Jan 2012- October 2012: Leonie Haimson of Class Size Matters repeatedly asks SED throughthe Regents for their contract with the Gates Foundation; none is provided. Yet it is clear fromGates website that the project is going ahead rapidly.October 14, 2012: CSM, along with other parent leaders and attorney Norman Siegel holdpress conference in NYC, releasing a letter to NYSED demanding that it reveal its contract, hold
public hearings, and require parental consent before sharing any student’s personally
identifiable information [PII].Later that day, SED finally releases its contract w/ Gates Foundation to the press. It confirms our fears that parental consent is not going to be required; in addition, it appears that there will
be only minimal protections from “data leakage” and the Gates Foundation has
written thecontract to shield itself from most any financial and legal liability if this occurs.October 20, 2012: Leonie Haimson and Justin Wedes attend
 in NYC. We meet with Sharren Bates, who formerly headed upthe ARIS project for DOE and is now running the SLC for Gates. Bates makes it clear that theydo not recognize the right of parents to consent before data will be shared with 3
parties, andthat this data will include names, test scores, grades, disciplinary and attendance records,special education status and IEPs, etc.October 24, 2012: SED attorney Richard Trautwein replies to our letter ,and denies that parents have
the right to consent before their children’s confidential data is shared with Gates or other 
third party vendors
, because this sharing is being done to “improve instruction”
. He also claimsthat the public is already aware of this plan and no hearings or further disclosures arenecessary.The same day, we post an online petition to the Governor, Attorney General, SED, Regents and Gates Foundation, asking that all data sharing of personally identifiable information be halteduntil parents are alerted and receive the right to consent. The petition receives more than 2600signatures and generates thousands of emails to the Gates Foundation.
October 26, 2012: Stacey Childress who runs this project for the Gates Foundation, writes onthe SLC blog 
that “…
Under federal law, school districts must manage and honor parentrequests to opt out of programs that require the use of student data
 November 2012: Gates Foundation 
 to to bespent on DOE
’s “integration of Common Core implementation strategies with new forms
of teacher professional development
to align with emerging functionalities and capacity of Shared Learning Infrastructure
” (
which is how they describe the SLC.)November 26, 2012: Gates Foundation announces that Iwan Streichenberger  will be CEO of  the new corporation to replace the SLC; formerly marketing director of  Promethean,which sells whiteboards. The new corporation is to take over this massive
“data store” along with all the
confidential student and teacher data. The corporation will also be 
without philanthropic support by 2016, implying that states, districts and/or vendors will have topay for its considerable cost and maintenance in future years.December 5, 2012: Our attorneys reply to SED in a letter ,pointing out how their contract and letter only reconfirms our fears that this project will violate student privacy rights; we againdemand that they disclose their plans to parents and offer them the right to consent.December 12, 2012: The Gates Foundation backtracks on their statement that districts musthonor parent requests to opt out, and instead write in their newly posted Security and PrivacyPolicy the following disclaimer:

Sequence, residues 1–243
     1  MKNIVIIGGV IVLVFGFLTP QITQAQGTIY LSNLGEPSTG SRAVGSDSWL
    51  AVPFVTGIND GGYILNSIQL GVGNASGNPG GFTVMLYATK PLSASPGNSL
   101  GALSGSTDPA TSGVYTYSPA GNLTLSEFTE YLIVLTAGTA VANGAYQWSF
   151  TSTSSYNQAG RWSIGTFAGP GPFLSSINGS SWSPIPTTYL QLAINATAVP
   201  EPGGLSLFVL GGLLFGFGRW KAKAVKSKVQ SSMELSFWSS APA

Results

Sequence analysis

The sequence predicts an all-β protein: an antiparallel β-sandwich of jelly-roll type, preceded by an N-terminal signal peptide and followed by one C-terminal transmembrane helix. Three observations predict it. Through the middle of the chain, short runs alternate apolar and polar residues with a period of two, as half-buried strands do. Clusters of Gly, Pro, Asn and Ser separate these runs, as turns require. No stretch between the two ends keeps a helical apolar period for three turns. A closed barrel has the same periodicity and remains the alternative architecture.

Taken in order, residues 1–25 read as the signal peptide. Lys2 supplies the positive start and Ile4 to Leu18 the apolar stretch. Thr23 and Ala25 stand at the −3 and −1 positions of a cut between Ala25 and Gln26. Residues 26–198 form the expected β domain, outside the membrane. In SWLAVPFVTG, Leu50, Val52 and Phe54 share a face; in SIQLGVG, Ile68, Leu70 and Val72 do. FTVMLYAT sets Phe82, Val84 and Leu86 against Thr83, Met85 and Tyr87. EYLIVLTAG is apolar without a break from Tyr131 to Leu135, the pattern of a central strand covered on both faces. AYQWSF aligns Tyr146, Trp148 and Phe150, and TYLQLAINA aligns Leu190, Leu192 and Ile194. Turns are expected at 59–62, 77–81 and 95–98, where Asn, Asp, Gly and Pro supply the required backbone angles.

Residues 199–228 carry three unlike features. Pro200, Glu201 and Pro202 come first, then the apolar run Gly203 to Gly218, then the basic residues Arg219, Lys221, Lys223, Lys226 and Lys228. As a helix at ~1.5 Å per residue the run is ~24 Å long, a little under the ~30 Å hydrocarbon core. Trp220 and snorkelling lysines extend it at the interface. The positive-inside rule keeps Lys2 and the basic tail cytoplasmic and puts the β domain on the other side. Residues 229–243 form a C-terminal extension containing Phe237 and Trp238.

Policies Re Parent Rights to Approve Disclosures of PII to Third Party Application Providers.School District and State Educational Agency Customers are responsible, as appropriate, for determining and notifying parents of policies regarding the extent to which parents (or students18 and over) are given advance notice of, and the opportunity to decline, the provision of PII for their children (or themselves) to a Third Party Application Provider that uses the PII to provideeducational services to schools or students. Each School District and State Educational Agency shall be responsible for handling any complaints from parents (or students 18 and over)regarding the disclosure of their student information to a Third Party Application Provider.
December 20, 2012: We meet
with De’ Shawn Wright, the
Governor’s Deputy. Sec. of 
Education to discuss with him our concerns. He says he will ask SED to meet with us to hear our concerns and answer questions. Later, he says that he will submit our 16 questions to SEDfor their response within five days.January 22, 2013: Louisiana education activists, including Lee Barrios, file a Freedom of Information request to the State Commissioner & Board of Ed, asking for the contract and allcommunications with the Gates Foundation or SLC concerning this plan.January 28, 2013: Sen. Liz Krueger writes a letter to NYS Commissioner King,objecting to this plan.February 6, 2013: The launch of InBloom Inc. the corporate spin off of the SLC. In its privacypolicy it states:
inBloom, Inc. cannot guarantee the security of the information stored in inBloomor that the information will not be intercepted when it is being transmitted 
The company isheaded by Streichenberger and the CPO is Sharren Bates, formerly of the Gates Foundationand the head of the ARIS project for DOE.